Sell off or Sell Out?: Experiential Marketing Using the Massive Jamaican Dancehall Market, 2005 – 2015 by Melville Brenton Cooke

In April 2005 the Coalition of Corporate Sponsors banned Jamaican deejays Beenie Man and Bounty Killer from events they supported, after the two cursed while criticising homosexuals during a live free-to-air televised concert.

Comprising Cable and Wireless, Digicel, Courts, Red Stripe, Supreme Ventures, Jamaica Tourist Board and J Wray and Nephew, the coalition refused to support events or persons inciting violence, using profane language or discriminating against any group of persons. However, its objective was perceived as eliminating dancehall’s anti-homosexual content, leading to confrontation with dancehall. After the Coalition suspended activities in January, 2006, Red Stripe took individual action against dancehall in 2008, leading to further conflict over anti-homosexual content.

Agency-structure theory, hegemony, critical theory, corporatism, structural functionalism, semiotics, governmentality, exchange theory and articulation are utilised in a political economy and cultural anthropology approach to analysing the conflicts. Textual analysis, thick description, participant observation, comparison, semiotics and interviews are used for data collection and presentation.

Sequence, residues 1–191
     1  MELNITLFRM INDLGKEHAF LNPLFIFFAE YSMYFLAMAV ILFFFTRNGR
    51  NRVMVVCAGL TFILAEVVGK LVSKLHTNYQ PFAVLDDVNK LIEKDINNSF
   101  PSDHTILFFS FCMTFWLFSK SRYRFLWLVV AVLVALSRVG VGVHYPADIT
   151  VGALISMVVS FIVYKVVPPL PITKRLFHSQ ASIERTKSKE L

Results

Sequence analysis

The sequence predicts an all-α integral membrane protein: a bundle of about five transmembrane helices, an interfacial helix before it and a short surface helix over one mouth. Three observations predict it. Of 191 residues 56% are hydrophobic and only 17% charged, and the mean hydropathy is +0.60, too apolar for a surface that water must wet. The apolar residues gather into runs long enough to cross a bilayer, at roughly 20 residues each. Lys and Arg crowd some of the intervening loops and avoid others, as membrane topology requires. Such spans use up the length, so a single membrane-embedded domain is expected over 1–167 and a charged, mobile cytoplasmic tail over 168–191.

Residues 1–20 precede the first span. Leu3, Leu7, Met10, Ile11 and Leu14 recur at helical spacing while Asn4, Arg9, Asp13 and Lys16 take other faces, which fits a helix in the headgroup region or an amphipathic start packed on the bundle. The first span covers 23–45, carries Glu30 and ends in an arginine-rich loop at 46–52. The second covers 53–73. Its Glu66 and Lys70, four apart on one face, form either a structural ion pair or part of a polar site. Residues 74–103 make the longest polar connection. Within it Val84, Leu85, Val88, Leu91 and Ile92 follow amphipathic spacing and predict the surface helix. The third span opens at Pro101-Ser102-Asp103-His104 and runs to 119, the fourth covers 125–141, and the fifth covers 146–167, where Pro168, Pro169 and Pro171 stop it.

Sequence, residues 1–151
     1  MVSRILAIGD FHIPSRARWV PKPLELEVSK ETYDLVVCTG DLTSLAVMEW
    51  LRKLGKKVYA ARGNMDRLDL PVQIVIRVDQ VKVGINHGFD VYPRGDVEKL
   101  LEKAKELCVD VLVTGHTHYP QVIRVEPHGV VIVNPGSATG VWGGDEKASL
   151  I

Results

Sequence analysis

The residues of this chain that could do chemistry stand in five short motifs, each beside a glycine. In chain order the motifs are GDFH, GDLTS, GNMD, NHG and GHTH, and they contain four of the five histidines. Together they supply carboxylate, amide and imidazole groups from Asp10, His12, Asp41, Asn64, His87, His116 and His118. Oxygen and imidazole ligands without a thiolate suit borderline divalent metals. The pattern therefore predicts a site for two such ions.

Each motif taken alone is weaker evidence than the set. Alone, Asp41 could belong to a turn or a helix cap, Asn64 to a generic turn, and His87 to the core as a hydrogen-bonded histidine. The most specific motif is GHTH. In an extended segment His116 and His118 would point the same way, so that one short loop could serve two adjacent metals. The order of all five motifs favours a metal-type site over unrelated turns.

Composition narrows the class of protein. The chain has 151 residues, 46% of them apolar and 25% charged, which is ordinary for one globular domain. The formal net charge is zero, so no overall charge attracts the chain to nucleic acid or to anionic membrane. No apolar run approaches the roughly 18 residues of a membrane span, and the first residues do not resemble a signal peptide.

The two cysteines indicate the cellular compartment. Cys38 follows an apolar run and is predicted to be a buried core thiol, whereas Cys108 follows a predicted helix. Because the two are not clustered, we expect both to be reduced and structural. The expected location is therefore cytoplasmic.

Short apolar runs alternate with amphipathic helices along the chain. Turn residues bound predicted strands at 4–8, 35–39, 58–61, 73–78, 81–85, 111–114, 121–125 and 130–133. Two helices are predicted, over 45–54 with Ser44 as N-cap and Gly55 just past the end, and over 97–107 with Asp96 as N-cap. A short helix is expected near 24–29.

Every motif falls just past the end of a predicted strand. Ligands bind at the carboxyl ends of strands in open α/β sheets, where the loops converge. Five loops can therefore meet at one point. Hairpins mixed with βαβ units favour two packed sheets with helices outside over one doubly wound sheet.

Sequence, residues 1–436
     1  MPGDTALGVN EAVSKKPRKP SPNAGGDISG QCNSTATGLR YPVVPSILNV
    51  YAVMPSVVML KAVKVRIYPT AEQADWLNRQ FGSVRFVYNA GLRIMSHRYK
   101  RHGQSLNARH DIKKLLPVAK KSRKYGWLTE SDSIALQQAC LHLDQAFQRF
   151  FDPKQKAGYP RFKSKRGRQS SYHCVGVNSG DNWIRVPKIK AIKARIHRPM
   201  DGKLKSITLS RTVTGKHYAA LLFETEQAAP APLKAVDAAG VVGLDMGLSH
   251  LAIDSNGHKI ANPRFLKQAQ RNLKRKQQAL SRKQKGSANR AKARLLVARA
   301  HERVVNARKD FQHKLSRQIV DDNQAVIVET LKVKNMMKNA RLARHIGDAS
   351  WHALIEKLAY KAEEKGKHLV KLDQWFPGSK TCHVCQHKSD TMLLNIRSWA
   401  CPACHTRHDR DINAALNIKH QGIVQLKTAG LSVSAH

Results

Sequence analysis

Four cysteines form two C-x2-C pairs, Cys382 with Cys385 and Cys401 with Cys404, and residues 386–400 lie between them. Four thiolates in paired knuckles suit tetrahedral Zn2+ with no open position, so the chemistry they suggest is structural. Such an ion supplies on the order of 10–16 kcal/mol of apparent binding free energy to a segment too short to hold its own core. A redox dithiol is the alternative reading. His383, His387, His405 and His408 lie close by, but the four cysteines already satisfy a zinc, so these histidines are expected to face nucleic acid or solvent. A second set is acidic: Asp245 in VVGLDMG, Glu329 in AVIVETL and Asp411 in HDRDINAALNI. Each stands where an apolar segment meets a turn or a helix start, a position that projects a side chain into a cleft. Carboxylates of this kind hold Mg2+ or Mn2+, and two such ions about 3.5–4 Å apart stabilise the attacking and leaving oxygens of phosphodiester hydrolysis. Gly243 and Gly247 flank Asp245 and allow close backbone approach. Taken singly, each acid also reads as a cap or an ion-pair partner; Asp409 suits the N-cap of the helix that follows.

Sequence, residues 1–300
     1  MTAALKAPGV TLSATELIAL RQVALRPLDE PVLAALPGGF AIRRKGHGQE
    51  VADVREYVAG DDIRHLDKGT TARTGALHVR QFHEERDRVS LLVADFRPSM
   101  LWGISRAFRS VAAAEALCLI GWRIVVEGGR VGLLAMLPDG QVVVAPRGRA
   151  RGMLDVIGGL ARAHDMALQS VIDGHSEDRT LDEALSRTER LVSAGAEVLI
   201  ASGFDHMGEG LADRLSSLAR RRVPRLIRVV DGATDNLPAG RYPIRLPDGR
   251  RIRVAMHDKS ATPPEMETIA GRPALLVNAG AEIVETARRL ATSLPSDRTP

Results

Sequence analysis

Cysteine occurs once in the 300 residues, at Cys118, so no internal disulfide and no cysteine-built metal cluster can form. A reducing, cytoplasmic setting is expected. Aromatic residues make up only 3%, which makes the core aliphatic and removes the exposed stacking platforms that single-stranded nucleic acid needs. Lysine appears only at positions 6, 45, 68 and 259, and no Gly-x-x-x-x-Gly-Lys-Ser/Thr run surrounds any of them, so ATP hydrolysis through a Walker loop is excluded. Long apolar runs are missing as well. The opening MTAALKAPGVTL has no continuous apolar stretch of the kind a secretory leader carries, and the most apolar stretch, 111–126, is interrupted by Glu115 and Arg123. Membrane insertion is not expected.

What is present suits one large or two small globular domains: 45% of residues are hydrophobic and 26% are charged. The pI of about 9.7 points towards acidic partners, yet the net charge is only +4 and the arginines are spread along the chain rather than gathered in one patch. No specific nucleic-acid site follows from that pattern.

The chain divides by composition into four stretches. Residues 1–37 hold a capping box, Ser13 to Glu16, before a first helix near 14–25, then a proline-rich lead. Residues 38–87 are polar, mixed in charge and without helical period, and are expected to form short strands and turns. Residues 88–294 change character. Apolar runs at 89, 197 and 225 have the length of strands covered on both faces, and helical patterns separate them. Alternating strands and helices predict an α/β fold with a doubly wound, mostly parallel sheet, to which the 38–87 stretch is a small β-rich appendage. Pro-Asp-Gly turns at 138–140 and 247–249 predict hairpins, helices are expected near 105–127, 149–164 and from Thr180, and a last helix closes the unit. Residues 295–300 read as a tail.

In chapters 3 – 6 I evaluate the balance of power over anti-homosexual content between Coalition members utilising dancehall-based experiential marketing (Schmitt, 1999) and dancehall in a single intrinsic case study, as the companies use hard power and dancehall counters with soft power (Nye, 2004).

In chapters 7 – 10, in a collective intrinsic case study I assess the authenticity and effectiveness of a number of dancehall-based experiential campaigns emphasising the implementing company being Jamaican.

I find that regarding anti-homosexuality Jamaica’s dancehall is a site of successful resistance to corporate sponsors’ regulations. However, I also find that anti-homosexuality apart, dancehall is malleable to corporate exploitation.

The study shows the importance of an authentic local identity in brand building, reinforces the importance of Jamaican popular culture in successfully marketing goods and services and identifies the agency of dancehall in the effectiveness of experiential marketing in Jamaica.

Keywords: Melville Brenton Cooke, experiential marketing, dancehall, homosexuality, corporate sponsorship

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